Longtime cowgirl engraves love of West in her art

photos by Cathleen Allison/Nevada Appeal Virginia McCuin works in her Silver Springs studio Wednesday. McCuin makes western theme silver jewelry.

photos by Cathleen Allison/Nevada Appeal Virginia McCuin works in her Silver Springs studio Wednesday. McCuin makes western theme silver jewelry.

Virginia McCuin does art the cowboy way.

Which is not surprising, since she lived most of her 64 years on a ranch outside of Tonopah.

McCuin makes wearable silver art with a Western theme - pendants, buckles, bolo ties, earrings - as well as small sculptures. Her work has been recognized with awards from Washington to Texas.

The Silver Springs resident began by making items for cowboys on the Nevada ranch she owned with her husband.

"That's how it kind of started, because cowboys back then, they didn't make a lot of wages," she said. "They still don't make a lot of wages but if they could have a pair of silver spurs or silver conchos, it was really nice."

Her days of making silver trinkets for cowboys led to several honors and a whole new career as an artist. She has been awarded the Nevada Governor's Art Award and was invited to send pieces to the Smithsonian Institute in 2006 to the Great American Cowboy Show.

She also received the Will Rogers Engraver of the Year award from the Academy of Western Artists at a ceremony in Dallas.

McCuin is self-taught, and creates images of cowboys, cowgirls, wildlife and almost anything else associated with the West that created her.

She was raised on Twin Springs Ranch outside of Tonopah and spent her life working the ranch along with her family.

"We gathered cattle in the spring and in the fall," she said. "We did the branding, picked up the ones that were going to be cold. We weaned and fed calves in the winter."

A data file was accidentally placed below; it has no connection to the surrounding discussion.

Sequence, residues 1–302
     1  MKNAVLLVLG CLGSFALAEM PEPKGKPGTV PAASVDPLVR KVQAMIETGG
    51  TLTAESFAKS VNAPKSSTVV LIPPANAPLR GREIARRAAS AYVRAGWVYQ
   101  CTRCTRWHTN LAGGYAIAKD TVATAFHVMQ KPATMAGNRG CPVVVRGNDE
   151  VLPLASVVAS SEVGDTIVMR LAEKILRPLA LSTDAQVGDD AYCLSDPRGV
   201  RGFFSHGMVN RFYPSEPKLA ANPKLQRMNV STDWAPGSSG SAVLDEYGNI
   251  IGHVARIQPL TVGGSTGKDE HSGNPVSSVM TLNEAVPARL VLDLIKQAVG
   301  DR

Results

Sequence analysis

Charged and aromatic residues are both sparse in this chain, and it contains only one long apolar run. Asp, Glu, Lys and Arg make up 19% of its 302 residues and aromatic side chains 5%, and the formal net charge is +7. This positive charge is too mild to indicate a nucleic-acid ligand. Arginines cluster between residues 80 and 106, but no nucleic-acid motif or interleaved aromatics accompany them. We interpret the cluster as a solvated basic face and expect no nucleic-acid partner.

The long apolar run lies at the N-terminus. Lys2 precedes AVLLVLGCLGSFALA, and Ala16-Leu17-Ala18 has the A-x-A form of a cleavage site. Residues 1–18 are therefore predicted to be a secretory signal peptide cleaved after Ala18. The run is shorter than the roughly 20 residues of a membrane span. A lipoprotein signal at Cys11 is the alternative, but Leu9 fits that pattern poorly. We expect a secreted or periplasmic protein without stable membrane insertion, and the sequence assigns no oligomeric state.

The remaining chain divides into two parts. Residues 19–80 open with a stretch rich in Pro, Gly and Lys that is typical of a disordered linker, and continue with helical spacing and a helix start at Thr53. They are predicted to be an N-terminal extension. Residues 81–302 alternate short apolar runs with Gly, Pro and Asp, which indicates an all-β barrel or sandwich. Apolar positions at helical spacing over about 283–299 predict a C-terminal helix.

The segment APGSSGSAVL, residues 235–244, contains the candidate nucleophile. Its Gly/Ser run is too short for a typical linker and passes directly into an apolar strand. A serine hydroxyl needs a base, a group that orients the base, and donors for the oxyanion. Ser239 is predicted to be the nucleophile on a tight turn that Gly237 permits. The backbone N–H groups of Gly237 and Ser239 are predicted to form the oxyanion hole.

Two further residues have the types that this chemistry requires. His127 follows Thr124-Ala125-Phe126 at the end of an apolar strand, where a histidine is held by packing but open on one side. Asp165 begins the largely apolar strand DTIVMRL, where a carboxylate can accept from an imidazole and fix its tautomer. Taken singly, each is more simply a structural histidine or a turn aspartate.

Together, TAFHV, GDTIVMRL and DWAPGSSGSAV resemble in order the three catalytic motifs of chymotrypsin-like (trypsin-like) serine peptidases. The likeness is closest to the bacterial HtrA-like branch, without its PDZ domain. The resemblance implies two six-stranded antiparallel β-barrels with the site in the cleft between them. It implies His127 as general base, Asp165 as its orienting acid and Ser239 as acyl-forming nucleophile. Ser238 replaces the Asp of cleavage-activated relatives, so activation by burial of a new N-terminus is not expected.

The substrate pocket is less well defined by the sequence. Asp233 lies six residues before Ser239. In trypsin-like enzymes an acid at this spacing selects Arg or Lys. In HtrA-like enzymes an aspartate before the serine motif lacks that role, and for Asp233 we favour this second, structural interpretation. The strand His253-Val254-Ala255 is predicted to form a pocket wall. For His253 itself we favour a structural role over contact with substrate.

The ranch in Reveille Valley would be her home after she married as well, after a brother died and her father became ill and leased the ranch to her and her husband, Patrick. Later the McCuins would move to Las Vegas and sell the ranch to the last surviving of her three brothers.

"It was a family ranch and we all pitched in and helped," she said. "When you went around the wells, and did the pumping for the cattle, you made a 100-mile trip."

Later, she and her husband purchased the Currant Ranch located between Tonopah and Ely on Highway 6, where they raised cattle, hay, ran a bar and cafe, motel, trailer park, Laundromat and truckstop. "It was a workhorse place," she said.

Eventually they sold that ranch also, after her son and daughter decided they wanted to go to college. The McCuins moved to Las Vegas - where they also kept horses and cattle.

Las Vegas is where she learned engraving, but with little help from any craftsman in the business.

"I went to an engraver and asked him if I could watch him, and he said 'no,'" McCuin said. "He said 'I served an apprenticeship in the old country and I'm not going to tell you anything.' So I taught myself."

McCuin said she began working with turquoise, learned how to run a torch and began making and wearing her Western jewelry.

"People would ask, 'Where'd you get that,' and I started selling pieces off myself," she said.

She soon purchased equipment and began learning one phase of her craft at a time until she could do it all, she said. By the early 1980s she was engraving.

Flat engravers, point engravers, lining engravers; McCuin learned to sharpen, shape, set in handles and use them all.

"I would practice trying to make different cuts, trying to make a flower or a scroll," she said. "It was a struggle, but I basically learned."

One day McCuin went to a show of the Firearms Engravers Guild of America, and there she found support from fellow artists.

"They were very good because anything you asked them they would tell you what to do or show you what to do," she said.

Eight years ago, she and Patrick retired and moved to Silver Springs, where she continued with her art.

She appears at professional gift shows in Las Vegas, Mule Days in Bishop, Calif., Reno's Rocky Mountain Elk show and Elko's Cowboy Poetry Festival, among many others.

Though she loves her second career, she can't say she likes it more than ranching.

"Well, I loved them both, they're just hand-in-hand with me," she said. "I'd love to have a ranch again, but I'm too old."

-- Contact reporter Karen Woodmansee at kwoodmansee@nevadaappeal.com or 882-2111 ext. 351.

Cowboy Artist

Contact Virginia McCuin

Call (775) 577-4102


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